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stereo TV without VCR?

Discussion in 'Archived Threads 2001-2004' started by GregHB, Jul 6, 2002.

  1. GregHB

    GregHB Auditioning

    Jun 2, 2002
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    I just completed my surroand sound system at my house and this is my first post on this forum. My question is: Is it possible to watch television in suroand sound, or at least throuh my loudspeakers without a VCR. If so, which connections do I make from the TV to the receiver?

    Thanks, greg
  2. Wayne A. Pflughaupt


    Aug 5, 1999
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    Corpus Christi, TX
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    You can if your TV is stereo. If it is it should have RCA audio jacks on the back. Just connect them to an input on the receiver and set the receiver to “Dolby Pro-Logic.” If the show is stereo you will have surround sound. If the show is mono, you will get only the front speaker.

    Wayne A. Pflughaupt

    P.S. Welcome to the Forum!
  3. BruceSpielbauer

    BruceSpielbauer Second Unit

    May 27, 2002
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    Okay, so much here is going to depend upon information you did not quite give us. It would help if you described exactly how you are obtaining that "television" signal which you would like to be running through your new "surround sound" setup. Is it from:
    1.) Analog Cable TV (with no set top box)
    2.) Analog Cable TV, WITH a set top bx
    3.) Digital Cable TV, presumably with a set top box
    4.) An over the air antenna, either on your roof, or in an attic, or on top of your set?
    5.) Direct TV? What kind of "satellite box"?
    6.) The Dish? What kind of "satellite box"?
    7.) Other satellite system (big dishes)? What box?

    8.) And, most important, what type of television / monitor / display device are you watching on? It MAY have outputs which make all of this easier, it may not.

    The trick here, as I understand it, is that you want to get the audio portion of your normal television signal running into that A/V receiver (which I presume you have installed, if you have set up a surround sound system).

    One way, which I think you mentioned, is to run everything through a VCR, and then run RCA jacks (most probably) from the VCR audio outputs directly into audio inputs on the A/V receiver. That works, but as you have noticed, it means you have to have the VCR on all the time, and use the VCR's tuner, instead of the television's. Can be a bummer...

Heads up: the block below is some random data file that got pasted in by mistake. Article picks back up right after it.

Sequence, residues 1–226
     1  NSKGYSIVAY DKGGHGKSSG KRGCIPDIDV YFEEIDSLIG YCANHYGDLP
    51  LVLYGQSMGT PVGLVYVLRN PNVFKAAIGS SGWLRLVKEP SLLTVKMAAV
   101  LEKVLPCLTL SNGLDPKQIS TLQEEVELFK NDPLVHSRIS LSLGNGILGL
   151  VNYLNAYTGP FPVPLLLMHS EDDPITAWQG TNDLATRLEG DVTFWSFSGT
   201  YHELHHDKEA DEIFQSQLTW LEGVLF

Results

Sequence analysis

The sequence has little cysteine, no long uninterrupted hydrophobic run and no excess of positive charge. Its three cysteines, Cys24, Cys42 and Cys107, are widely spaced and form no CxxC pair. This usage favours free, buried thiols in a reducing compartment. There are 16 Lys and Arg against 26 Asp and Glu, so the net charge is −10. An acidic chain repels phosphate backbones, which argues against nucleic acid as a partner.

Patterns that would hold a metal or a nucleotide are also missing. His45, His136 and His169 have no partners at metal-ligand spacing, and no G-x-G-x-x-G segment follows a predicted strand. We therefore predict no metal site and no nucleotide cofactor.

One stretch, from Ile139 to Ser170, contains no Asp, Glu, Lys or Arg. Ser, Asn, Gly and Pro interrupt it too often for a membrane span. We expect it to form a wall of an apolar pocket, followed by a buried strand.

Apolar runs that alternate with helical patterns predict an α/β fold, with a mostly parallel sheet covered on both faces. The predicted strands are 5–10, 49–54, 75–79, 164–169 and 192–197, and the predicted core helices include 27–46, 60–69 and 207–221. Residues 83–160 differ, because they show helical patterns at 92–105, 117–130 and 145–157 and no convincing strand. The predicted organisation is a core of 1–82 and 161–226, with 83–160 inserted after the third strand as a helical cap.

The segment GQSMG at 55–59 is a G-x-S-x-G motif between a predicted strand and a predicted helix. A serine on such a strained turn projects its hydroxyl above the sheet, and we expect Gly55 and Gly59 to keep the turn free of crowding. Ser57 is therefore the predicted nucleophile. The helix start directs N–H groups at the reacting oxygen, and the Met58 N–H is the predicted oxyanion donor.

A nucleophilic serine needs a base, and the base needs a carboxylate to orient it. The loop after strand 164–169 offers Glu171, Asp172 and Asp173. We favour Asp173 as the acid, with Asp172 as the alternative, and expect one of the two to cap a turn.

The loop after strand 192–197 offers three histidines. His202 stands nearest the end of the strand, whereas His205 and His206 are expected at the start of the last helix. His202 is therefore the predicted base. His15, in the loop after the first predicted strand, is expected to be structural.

On SOME televisions, there is actually a set of outputs which you can run FROM the TV, to a receiver, which then causes the TV to funnel its audio (no matter what source) directly into your receiver. Check and see if your TV has anything which resembles a "Loop Out" or "Monitor" or "Audio Out," or "AUXILIARY OUT," or something similar.

    Then, if you have a set-top box, for cable, or satellite, you should also look at the back, carefully. Is there a free set of "audio output' jacks? A second, unused auxiliary set of jacks, perhaps of the RCA type? This is another possibility.

    Will this get your true surround sound? Not usually. If you have an HDTV decoder, then yes... In this case you will be running a cable from that set top box directly into your AV receiver, and some stations are offering true, 5.1 digital sound. In most cases, with most users, though, not yet. It will often get you stereo, on those channels that offer it (or which your cable or satellite chooses to offer it). It may also allow you to use any features on your receiver which can "simulate" surround sound... Mine has a mode which is called "Smart TV," and another called "all channel." They are not truly 5.1 or 6.1 discrete surround. However, they try to take some sounds which are PROBABLY music, and direct them to the left and right sides. They try to determine what is dialog, and direct that to the center. They try to determine which sounds might be background ambience, and direct them to the rear surrounds. They are not all that effective, though.

    Still, the sound is almost always a quantum leap above what speakers are typically found in that television, and even a stereo separation (which many stations offer) is a large improvement. Thus, it is worth it to cable for this, if you can without buying new equipment. I first ran my signal through an audio receiver as early as 1982, and could never go back to those tiny 1 1/2" cheapo-cheapo speakers which so many televisions ship with. You spent money on some NICE speakers, so why not use them for as much of the listening as you can?

    If you are still unsure, let us know exactly what your equipment is, and also what your televsion source is, for "television." Then, I can be more specific 5o your case.


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